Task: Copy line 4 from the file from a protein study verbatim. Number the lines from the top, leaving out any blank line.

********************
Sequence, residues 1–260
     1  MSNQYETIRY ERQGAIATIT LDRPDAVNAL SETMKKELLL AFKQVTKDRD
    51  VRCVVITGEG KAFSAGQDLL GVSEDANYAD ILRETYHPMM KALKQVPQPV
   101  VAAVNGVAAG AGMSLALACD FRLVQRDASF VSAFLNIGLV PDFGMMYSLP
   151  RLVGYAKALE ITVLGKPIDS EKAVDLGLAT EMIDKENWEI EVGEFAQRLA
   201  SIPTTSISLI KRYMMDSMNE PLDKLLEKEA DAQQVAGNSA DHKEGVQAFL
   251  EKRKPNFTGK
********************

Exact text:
   101  VAAVNGVAAG AGMSLALACD FRLVQRDASF VSAFLNIGLV PDFGMMYSLP